Arthur and Norma had moved on by 1910. I found them living in Wichita, Ward 2d in the 1910 census. Arthur’s occupation was listed as “teacher”. Robert Alexander Barlow, his "grandfather-in-law" was living with them. Robert was listed in the census as a widower and his estranged wife Priscilla who lived just around the corner with their daughter Nettie was listed as a widow. (19th century divorce.)
Later that year, Norma Louise was born. Robert followed in 1912, Duane in 1915, Betty in 1916, and 10 years later Enid was born. Left to right on the donkey - Norma Louise, Duane, Robert, Betty. The picture was taken on a vacation trip in Colorado (I think I was told this?) around 1920.
Arthur’s life changed considerably after 1910. He stopped teaching and sold stocks and bonds. He became an insurance salesman for Mutual of Omaha and was very good at it.
Arthur E. Solter, general agent for the Omaha Life of Nebraska, was notified by telegram today he is the winner of a Ford runabout in the month of December by the company for the greatest amount of business secured.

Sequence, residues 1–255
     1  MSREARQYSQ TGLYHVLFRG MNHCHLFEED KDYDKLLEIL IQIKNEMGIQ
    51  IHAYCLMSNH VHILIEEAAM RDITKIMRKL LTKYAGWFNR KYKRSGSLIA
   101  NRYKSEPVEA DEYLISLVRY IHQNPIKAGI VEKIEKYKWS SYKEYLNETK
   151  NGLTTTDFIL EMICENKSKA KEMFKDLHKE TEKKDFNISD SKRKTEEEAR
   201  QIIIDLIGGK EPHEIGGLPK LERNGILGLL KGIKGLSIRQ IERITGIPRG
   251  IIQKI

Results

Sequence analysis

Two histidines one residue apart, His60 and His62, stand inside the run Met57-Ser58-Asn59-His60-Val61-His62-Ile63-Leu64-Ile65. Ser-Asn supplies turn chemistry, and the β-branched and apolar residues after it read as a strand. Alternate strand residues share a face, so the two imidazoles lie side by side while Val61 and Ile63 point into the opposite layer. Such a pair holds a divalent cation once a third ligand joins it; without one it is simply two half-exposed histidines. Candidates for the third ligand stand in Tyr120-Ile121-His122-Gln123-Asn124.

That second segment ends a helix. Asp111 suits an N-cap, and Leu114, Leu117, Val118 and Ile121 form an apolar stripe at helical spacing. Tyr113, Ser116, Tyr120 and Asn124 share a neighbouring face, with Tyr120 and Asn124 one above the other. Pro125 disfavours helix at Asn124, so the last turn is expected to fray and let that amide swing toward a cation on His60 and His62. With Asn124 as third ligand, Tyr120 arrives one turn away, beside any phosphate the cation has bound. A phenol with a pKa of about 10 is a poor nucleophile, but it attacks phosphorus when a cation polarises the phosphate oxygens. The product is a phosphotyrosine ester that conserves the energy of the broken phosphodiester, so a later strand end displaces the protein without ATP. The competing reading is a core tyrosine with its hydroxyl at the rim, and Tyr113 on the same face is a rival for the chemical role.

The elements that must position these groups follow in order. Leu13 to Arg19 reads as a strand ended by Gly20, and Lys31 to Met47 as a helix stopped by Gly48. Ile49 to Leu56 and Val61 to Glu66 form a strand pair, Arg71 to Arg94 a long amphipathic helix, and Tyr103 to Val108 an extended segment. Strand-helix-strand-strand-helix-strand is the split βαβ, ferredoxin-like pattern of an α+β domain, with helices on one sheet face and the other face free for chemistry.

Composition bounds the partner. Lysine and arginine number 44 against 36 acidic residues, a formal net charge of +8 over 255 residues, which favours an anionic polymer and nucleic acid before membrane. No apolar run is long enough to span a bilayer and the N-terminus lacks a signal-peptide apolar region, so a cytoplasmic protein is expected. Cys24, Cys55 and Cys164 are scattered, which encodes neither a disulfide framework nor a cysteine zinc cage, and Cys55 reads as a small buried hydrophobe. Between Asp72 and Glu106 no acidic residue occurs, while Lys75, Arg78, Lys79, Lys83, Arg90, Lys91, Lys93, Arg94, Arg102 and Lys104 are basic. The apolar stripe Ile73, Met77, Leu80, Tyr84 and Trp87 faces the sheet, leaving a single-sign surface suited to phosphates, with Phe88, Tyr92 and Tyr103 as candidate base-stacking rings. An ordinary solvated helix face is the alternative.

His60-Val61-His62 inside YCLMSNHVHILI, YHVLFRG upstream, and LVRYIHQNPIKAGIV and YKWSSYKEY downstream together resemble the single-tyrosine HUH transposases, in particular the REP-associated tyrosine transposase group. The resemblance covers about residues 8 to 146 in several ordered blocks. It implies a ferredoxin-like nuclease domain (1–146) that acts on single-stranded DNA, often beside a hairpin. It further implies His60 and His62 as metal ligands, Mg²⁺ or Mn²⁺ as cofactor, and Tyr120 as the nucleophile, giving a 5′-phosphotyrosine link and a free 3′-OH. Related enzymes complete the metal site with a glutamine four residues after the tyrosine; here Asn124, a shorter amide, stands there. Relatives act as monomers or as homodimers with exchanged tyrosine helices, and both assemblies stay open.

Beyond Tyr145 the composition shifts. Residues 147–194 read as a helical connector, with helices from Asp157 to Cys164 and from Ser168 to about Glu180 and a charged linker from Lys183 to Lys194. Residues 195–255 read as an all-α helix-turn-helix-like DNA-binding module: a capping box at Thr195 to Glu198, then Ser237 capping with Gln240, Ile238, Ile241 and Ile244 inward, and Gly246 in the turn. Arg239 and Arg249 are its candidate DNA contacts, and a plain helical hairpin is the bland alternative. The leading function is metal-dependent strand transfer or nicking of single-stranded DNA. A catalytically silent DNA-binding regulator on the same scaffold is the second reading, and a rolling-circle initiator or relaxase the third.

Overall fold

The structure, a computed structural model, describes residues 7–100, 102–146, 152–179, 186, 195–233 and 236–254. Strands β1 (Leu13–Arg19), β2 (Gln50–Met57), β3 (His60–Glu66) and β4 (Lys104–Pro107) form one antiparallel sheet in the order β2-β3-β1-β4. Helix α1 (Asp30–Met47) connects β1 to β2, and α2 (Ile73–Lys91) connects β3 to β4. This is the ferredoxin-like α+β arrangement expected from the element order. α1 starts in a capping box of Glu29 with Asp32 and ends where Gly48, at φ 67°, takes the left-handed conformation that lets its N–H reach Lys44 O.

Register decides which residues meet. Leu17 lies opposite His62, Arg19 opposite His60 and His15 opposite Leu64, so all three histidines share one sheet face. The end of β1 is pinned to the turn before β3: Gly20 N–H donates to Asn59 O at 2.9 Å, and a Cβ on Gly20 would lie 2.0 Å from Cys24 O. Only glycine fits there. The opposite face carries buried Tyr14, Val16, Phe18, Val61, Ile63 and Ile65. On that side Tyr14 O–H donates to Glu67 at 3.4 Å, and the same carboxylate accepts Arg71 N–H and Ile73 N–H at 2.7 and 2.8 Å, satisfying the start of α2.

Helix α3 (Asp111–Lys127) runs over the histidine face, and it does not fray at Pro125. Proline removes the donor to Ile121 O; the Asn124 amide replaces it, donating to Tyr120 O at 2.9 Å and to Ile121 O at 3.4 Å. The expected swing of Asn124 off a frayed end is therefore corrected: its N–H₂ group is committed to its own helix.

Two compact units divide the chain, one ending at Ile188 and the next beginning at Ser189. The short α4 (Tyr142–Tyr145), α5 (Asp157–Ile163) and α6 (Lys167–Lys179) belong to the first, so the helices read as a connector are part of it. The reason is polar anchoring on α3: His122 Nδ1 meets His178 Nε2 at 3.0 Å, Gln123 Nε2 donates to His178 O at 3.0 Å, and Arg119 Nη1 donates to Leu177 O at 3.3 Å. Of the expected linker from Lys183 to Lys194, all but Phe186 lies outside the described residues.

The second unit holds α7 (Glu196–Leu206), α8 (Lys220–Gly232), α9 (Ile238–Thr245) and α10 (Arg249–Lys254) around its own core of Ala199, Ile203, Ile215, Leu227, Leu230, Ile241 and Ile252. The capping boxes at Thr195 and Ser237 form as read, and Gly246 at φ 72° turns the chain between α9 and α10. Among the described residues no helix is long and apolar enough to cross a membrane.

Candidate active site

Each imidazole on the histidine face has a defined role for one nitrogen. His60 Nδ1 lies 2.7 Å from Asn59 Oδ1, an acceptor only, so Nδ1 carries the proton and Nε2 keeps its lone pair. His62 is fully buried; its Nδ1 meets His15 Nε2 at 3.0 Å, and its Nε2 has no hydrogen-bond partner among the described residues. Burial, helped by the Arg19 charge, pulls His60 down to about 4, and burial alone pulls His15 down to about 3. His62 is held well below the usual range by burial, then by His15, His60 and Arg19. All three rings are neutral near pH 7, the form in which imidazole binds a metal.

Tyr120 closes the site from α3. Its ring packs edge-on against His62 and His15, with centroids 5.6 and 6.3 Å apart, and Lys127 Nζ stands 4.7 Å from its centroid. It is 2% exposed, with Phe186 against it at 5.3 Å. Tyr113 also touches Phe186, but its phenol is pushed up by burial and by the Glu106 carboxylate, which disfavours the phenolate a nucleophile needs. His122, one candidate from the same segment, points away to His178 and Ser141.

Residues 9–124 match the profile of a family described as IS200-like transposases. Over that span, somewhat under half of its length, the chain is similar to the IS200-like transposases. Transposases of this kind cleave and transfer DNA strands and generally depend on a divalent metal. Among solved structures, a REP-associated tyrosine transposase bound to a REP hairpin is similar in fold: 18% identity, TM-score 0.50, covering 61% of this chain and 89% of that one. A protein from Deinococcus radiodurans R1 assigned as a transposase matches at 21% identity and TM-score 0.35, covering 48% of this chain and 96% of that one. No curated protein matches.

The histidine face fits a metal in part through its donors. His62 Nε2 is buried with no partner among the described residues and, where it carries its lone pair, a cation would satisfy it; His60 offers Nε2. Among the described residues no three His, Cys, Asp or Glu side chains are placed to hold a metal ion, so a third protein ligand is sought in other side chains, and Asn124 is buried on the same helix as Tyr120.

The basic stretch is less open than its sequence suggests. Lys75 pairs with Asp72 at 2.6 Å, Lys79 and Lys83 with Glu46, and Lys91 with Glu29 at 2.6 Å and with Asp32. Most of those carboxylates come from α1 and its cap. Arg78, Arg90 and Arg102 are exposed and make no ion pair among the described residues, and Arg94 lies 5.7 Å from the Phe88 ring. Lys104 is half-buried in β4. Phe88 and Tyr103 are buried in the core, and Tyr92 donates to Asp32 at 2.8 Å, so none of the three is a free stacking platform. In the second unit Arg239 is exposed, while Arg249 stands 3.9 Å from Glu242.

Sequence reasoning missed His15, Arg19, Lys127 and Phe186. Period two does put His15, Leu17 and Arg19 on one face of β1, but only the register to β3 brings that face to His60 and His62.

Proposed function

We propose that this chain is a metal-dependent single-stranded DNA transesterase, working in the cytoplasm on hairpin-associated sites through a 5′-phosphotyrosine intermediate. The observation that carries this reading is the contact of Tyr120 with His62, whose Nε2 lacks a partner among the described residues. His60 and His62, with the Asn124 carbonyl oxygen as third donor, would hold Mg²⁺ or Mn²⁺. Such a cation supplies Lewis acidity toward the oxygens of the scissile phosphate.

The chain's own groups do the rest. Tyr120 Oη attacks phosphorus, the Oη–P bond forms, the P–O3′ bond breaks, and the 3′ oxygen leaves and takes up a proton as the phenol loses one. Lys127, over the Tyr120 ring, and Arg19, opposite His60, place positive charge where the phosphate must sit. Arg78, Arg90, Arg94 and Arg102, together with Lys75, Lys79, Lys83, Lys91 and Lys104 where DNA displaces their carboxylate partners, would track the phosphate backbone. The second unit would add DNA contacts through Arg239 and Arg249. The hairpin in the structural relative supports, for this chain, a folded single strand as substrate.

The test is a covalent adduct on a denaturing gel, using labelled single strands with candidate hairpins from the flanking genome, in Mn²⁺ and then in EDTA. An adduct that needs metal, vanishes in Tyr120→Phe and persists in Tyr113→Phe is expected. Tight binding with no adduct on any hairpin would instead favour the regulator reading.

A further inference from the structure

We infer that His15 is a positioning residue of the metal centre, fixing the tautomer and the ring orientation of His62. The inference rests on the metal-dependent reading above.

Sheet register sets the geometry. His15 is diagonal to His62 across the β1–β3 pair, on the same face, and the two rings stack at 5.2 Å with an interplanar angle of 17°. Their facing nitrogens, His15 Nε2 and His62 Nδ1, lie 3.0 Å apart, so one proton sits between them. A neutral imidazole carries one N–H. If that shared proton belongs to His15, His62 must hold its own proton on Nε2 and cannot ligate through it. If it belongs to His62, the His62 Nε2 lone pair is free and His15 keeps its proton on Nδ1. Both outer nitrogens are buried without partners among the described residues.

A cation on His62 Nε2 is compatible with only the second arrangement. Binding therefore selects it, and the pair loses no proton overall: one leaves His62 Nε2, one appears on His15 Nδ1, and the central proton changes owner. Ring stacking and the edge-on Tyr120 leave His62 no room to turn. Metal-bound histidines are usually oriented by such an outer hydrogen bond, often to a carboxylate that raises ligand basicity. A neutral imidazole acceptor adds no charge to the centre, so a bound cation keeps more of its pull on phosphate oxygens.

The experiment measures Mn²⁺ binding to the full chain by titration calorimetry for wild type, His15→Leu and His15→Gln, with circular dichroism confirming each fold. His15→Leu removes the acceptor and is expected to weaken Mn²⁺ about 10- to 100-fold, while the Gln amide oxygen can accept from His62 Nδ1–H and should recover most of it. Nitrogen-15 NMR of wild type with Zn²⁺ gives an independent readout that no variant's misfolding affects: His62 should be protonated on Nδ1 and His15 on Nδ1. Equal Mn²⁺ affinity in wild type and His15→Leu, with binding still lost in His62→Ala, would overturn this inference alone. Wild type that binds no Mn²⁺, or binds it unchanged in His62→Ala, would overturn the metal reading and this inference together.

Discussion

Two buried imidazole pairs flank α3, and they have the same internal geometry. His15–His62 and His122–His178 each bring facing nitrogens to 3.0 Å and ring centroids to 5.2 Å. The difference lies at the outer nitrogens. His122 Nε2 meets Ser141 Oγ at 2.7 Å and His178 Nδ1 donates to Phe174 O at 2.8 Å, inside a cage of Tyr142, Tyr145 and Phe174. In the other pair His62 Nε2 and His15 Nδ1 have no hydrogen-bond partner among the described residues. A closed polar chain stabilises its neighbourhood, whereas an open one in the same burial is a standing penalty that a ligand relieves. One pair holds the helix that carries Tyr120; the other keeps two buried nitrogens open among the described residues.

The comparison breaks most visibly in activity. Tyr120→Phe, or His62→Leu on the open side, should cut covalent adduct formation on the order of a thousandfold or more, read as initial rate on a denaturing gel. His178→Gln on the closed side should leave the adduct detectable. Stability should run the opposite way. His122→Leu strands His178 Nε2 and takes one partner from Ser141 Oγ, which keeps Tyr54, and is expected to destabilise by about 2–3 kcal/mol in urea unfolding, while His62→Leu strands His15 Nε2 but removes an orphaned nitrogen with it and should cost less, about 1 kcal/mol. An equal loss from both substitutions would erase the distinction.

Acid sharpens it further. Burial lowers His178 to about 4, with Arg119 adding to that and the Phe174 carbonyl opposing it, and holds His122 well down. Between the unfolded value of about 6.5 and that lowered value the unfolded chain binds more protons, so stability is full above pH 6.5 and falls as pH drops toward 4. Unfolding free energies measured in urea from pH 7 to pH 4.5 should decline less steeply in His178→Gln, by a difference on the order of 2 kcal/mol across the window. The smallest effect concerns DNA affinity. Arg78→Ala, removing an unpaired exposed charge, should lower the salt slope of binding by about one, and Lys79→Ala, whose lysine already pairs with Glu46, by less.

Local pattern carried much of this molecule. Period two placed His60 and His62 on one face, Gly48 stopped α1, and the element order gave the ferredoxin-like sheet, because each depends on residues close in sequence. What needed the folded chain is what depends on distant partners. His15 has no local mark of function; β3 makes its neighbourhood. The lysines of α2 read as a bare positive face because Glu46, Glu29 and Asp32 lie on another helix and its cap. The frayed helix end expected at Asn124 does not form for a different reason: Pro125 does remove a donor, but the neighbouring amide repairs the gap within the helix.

. . . and here's the car.
By 1916 he was being quoted on the subject of oil wells and leasing by the Wichita paper, and the oil business became an increasing important part of his life.
In 1917 he started buying oil leases. That would become the occupation that would absorb him for the rest of his life.
In the 1920 census his occupation is listed as stock broker, but in both 1930 and 1940 he’s listed as “Oil Operator”
In 1933 Norma and Arthur’s youngest daughter Enid died in a tragic accident. She was run over by a school bus. Their marriage died with their youngest daughter. They were divorced in April 1934.
He lived the rest of his life in Wichita, Kansas.
At some point he ran for sheriff. There are no newspaper archives currently available for the 1940’s in Wichita so I don’t have the date but here’s his campaign picture.
He came to visit us in Middletown when I was in 5th grade (1946). I must admit that all I remember was that he smoked really rank smelling cigars.
He died of coronary heart disease March 15, 1950. He's buried at Maple Grove Cemetery in Wichita, Kansas in the same lot as his brother Albert.